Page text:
Looking for someone to blame about the devastating oil spill in the Gulf? Sure you can blame BP (it is the company's fault after all) and you can blame President Obama too (even Jon Stewart has been doing more than his fair share of that). But while you're at it, you should take a good, long look in your rear-view mirror.
The United States is the largest consumer of oil on the planet. Americans burn 378 million gallons of gasoline a day, according to the U.S. Energy Information Agency. Our collective oil addiction makes us as much to blame for this mess as anyone. (And even if you disagree with that, you surely agree that something needs to be done -- and soon.)
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So instead of pointing fingers, take some responsibility and put your energy (pun intended) into something else.
Here, some ideas.1. Admit you have a problem. That's the first step in any addict's recovery. Repeat after me: My name is ____ (fill in the blank), and I am an oil addict. Then get on the road to recovery (preferably in a hybrid).
- Stop driving. Carpool, ride a bike, use public transportation, and walk when you can. No excuses. Just do it.
- Use alternate sources of energy. Think wind and solar power, and try alternate home-heating solutions (a wood-burning furnace can save you oil -- and money). Or talk to your local utility company. Many power providers offer green energy sources as an option on your bill. Visit the Environmental Protection Agency's (EPA) Green Power Locator to see what options are available to you.
- Lighten your carbon footprint. Use the EPA's Household Emissions Calculator to estimate your family's greenhouse gas emissions and find out how to cut back.
2. Hold someone's hand at the beach. Hands Across the Sand is holding a national day of action on Saturday, June 26, to clean up America's energy and call on President Obama to get the U.S. off oil in 20 years. People in more than 500 communities across the globe will join hands at 11 a.m. to create a line in the sand against offshore drilling. To find or organize an event in your community, visit Hands Across the Sand.
3. Tune in to Larry King. Tonight (June 21), CNN will be airing a two-hour telethon: "Disaster in the Gulf: How You Can Help." The telethon will feature celebrities like Chelsea Handler, Tim McGraw, Lenny Kravitz, Pete Wentz, Jenny McCarthy, and many more. You can choose between three charities that you'd like to help -- the money raised will go to aid in rebuilding the Gulf Coast.
4. Report oiled wildlife and oil damage. If you live (or you're vacationing or volunteering) along the Gulf Coast and you see wildlife in need of rescue or you notice oil damage to the environment, report it. You can do so online at Deepwater Horizon Response or by phone 866-557-1401 (for oiled wildlife), 800-440-0858 (for oil damage), or 866-448-5816 (for affected shorelines).
5. Don't boycott BP gas stations -- on second thought ... No one is happy with BP (Tony Hayward is probably wishing he never accepted a job there -- though that didn't stop him from attending a yacht race this weekend), but refusing to buy gas at its service stations might actually be putting more money into the company's pockets.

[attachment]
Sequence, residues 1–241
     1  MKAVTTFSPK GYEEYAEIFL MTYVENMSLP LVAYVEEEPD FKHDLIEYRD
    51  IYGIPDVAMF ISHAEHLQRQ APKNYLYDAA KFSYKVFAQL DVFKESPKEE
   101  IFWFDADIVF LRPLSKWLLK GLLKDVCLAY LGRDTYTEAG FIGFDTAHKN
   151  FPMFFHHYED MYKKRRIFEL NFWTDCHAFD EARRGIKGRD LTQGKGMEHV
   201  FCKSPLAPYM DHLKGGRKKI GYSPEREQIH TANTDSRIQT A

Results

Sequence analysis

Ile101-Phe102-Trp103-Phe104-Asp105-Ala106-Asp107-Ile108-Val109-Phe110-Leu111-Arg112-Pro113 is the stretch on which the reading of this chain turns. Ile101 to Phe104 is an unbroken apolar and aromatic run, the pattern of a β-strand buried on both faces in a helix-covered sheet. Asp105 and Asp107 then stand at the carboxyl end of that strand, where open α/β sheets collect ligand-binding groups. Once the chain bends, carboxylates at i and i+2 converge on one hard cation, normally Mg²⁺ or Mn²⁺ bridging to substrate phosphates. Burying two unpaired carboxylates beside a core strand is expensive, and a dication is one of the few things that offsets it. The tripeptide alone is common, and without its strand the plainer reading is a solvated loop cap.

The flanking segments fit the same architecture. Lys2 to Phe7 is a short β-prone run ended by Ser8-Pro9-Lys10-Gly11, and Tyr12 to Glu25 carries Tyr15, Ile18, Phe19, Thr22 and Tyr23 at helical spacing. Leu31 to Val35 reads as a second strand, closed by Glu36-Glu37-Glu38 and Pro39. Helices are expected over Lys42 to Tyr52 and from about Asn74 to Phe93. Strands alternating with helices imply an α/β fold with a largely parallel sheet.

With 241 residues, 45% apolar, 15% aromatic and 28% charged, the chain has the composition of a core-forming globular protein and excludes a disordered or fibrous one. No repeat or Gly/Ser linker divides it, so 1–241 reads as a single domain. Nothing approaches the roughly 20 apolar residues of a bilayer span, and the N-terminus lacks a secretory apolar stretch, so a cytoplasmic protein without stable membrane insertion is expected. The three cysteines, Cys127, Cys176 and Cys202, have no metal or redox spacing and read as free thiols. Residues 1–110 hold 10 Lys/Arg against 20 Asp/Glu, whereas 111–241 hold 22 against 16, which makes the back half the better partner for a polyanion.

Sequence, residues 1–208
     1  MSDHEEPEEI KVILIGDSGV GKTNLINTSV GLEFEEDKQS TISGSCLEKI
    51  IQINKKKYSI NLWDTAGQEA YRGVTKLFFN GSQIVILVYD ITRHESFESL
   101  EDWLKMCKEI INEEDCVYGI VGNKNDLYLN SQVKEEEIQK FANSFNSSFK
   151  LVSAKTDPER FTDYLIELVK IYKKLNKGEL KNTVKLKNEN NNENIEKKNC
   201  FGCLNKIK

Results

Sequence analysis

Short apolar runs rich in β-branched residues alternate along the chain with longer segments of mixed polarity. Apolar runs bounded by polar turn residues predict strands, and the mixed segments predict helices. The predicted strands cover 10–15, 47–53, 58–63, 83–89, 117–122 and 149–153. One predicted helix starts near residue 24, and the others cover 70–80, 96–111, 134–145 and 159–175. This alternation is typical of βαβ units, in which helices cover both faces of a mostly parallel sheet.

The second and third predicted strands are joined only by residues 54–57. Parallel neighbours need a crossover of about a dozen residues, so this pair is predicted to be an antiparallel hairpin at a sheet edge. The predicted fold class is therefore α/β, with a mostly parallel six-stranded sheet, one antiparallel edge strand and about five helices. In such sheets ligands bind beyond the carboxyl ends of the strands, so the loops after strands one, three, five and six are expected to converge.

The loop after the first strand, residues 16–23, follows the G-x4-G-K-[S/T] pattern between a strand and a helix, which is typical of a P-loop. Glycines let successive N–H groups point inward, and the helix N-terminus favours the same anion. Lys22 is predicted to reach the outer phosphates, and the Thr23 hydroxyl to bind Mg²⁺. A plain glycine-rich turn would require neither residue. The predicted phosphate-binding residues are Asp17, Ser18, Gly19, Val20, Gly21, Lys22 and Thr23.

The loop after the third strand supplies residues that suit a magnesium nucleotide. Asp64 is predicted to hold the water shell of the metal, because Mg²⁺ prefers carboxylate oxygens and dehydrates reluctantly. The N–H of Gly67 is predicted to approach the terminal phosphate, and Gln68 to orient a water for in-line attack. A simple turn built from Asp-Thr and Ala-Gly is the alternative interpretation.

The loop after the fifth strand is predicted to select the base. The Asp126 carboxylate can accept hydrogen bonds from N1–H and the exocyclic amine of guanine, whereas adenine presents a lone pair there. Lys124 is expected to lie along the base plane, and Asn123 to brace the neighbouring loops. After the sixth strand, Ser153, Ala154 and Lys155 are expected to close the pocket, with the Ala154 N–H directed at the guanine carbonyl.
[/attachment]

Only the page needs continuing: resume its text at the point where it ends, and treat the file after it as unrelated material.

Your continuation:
- According to The Consumerist, your corner BP station is but a licensed franchise owned by a local businessman, and the fuel that comes out of the pumps may be from a totally different company, so you might only be hurting the independent dealer.
- If you opt for a supermarket gas station (such as Castrol, Arco, Aral, am/pm, Amoco, Wild Bean Cafe, and Safeway), it could be a wholly owned BP subsidiary in which case BP gets all the cash. (You can join the Facebook group Boycott BP for more info.)
- If you do decide to boycott BP, some say it will simply be a political statement (and there's nothing wrong with that), but others, like Ryan Chittum at The Audit, believe that boycotting BP will make a dent on its returns.
- The Audubon Society has launched the National Oil Spill Volunteer Response Center, which has lots of information on ways to get involved.
- eBird, an online birding resource that tracks the health of bird populations, needs volunteers to help survey Gulf Coast bird populations.
- In Louisiana, LA Gulf Response is coordinating volunteers to assist in local, state, and federal recovery efforts.
- In Alabama, the Alabama Coastal Foundation wants volunteers for cleanup efforts along the Alabama coast if the oil spill reaches that state's shores.
- In Florida, Save Our Seabirds is a bird rescue group looking for support to help oiled wildlife.
9. Adopt a bird. At the International Bird Rescue Research Center, you can "adopt" a duck for $25 or an egret for $50; the birds will be cleaned and rehabilitated.10. Text don't talk. Put your money where your mouth is. Every time you play the blame game and say (or write in a comment somewhere -- wink, wink) "BP" or "Obama" or "Tony Hayward," put a dollar in a jar. (Or set aside all that money you've been saving on gas because you've been walking, carpooling, or using public transportation.) At the end of the month give it to some people who are actually making things happen:
- Text the word "NWF" to 20222 to donate10 to the National Wildlife Federation through your phone bill.
- Donate to the United Way's Gulf Recovery Fund by going to its website or text the word "United" to 50555 to donate10 from your mobile phone.
- The Nature Conservancy Fund for Gulf Coast Restoration wants to re-establish critical habitats (marshes, seagrass beds, oyster reefs, and coastal wetlands). Text the word "coast" to 50555 to donate10 through your mobile phone.
What have you done to help with the Gulf oil spill disaster? What will you do?
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